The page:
The order of the BC Securities Commission imposing the maximum administrative penalty against two securities brokers for breach of a prospectus requirement was restored. The standard of review applicable to the Commissioner’s order was reasonableness, and the focus should be on the reasonableness of the decision or the order, not on whether it was a tolerable deviation from a preferred outcome. If there was a rational basis for the Commissioner’s decision in light of the statutory framework and the circumstances, then the decision should not be disturbed.

22. June 2004 0

Cartaway Resources Corp. (Re) Executive Director of the British Columbia Securities Commission v. Hartvikson et al, [2004] S.C.J. No. 22, Supreme Court of Canada, April 22, 2004, McLachlin C.J. and Iacobucci, Major, Bastarache, Binnie, Arbour, LeBel, Deschamps and Fish JJ.

A group of securities brokers, including the Respondents Harvikson and Johnson (the “Respondents”), failed to disclose to investors a material change in a corporation’s business, entered into a private placement, which they split among friends and other brokers. Following investigation, the Appellant B.C. Securities Commission (the “Commission”) issued a notice of hearing against the brokers and firm involved in the private placement. Settlement agreements were entered into with all of the brokers and the firm with the exception of the Respondents. At the hearing, the Commission found that the Respondents breached the prospectus requirement of the B.C. Securities Act (the “Act”) and found that it was in the public interest to impose the maximum penalty of $100,000 under s.162 of the Act. On appeal, the Court of Appeal held that the penalty was unreasonable and substituted a penalty of $10,000 to each of the Respondents.

The Supreme Court of Canada allowed the appeal and restored the Commissioner’s order. The appropriate standard of review according to the pragmatic and functional analysis was reasonableness and not the more exacting standard of correctness. The reviewing court must therefore ask whether there was a rational basis for the decision of the Commission in light of the statutory framework and the circumstances of the case. Specifically, was it reasonable for the Commission to consider general deterrence in determining whether a sanction under s.162 would be in the public interest.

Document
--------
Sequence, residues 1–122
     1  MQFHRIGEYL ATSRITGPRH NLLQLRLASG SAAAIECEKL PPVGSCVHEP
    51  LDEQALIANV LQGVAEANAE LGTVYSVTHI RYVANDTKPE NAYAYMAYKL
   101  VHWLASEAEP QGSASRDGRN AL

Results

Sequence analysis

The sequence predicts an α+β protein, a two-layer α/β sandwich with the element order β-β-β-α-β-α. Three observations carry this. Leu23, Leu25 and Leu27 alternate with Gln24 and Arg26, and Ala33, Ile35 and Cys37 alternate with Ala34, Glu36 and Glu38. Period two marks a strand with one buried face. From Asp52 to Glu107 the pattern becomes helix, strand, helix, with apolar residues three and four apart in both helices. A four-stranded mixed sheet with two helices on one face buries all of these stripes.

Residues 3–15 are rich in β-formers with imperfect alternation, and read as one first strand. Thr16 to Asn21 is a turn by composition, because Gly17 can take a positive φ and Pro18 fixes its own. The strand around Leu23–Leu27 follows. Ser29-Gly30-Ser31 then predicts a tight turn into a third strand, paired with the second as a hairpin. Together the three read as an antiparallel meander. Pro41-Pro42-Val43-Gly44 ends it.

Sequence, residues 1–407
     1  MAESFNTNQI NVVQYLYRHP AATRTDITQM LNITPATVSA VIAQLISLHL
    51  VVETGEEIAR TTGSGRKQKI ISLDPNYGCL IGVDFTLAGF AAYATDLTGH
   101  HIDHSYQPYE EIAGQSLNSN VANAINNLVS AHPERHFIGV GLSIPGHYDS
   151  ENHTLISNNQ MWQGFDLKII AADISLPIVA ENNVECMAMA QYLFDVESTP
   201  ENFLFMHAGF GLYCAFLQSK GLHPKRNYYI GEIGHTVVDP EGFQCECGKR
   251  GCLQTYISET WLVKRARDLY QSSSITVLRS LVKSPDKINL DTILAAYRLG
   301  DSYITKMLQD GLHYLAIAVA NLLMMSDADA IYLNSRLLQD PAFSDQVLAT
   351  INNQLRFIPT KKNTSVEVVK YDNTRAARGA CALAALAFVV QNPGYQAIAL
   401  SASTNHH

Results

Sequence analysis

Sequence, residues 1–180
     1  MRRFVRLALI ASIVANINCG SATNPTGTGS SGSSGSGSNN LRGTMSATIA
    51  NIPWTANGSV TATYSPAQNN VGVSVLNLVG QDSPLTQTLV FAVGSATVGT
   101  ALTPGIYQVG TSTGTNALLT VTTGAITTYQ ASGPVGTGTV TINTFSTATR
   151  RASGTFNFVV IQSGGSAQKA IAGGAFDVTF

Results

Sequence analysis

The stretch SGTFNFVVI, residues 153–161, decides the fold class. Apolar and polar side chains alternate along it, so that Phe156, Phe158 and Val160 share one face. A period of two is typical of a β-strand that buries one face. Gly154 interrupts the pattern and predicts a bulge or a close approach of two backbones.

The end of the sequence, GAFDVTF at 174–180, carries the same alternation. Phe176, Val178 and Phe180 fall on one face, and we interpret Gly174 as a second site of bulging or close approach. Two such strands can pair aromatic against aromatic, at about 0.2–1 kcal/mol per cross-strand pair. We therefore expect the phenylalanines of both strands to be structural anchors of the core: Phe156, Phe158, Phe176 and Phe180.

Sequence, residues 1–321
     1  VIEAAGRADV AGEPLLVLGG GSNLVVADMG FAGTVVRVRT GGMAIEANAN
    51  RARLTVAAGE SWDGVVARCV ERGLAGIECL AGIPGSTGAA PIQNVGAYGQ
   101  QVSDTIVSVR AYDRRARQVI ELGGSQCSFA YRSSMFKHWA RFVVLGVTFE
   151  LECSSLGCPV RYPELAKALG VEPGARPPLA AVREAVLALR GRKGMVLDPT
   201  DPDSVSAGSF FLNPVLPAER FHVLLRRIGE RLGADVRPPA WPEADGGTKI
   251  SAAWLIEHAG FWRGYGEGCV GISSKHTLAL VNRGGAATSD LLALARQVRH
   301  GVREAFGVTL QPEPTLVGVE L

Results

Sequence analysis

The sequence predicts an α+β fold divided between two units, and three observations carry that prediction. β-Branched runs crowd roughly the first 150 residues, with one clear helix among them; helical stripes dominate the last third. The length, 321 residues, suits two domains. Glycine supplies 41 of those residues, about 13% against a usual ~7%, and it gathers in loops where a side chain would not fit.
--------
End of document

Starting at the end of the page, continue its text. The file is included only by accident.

The Commission’s interpretation of section 162 of the Securities Act was reasonable. It was reasonable and appropriate for the Commission to consider general deterrence applied in respect of the Respondents’ conduct. While a specific breach of the Act is required to trigger the application of s.162, the penalty that the Commission imposes should take into account the entire context, as well as preservation of the public interest. General deterrence is both prospective and preventative in orientation, and it falls squarely within the expertise of securities commissions, which have a special responsibility in protecting the public from being defrauded and preserving confidence in capital markets.

The weight given to general deterrence will vary from case to case and is a matter within the discretion of the Commission. In this case, the commission weighed the aggravating and mitigating factors and determined an appropriate penalty. Appropriate weight was given to the settlements reached by the other members of the control group, and the Commission’s decision was based in part on the fact that the Respondents were the leading players and primary movers behind the control group’s deceitful conduct. Accordingly, the Court of Appeal erred by disregarding the Commission’s findings as well as the weight the Commission gave them. The weight that the Commission attributed to general deterrence and the settlement agreements was reasonable in the circumstances and should not be disturbed by the Court.

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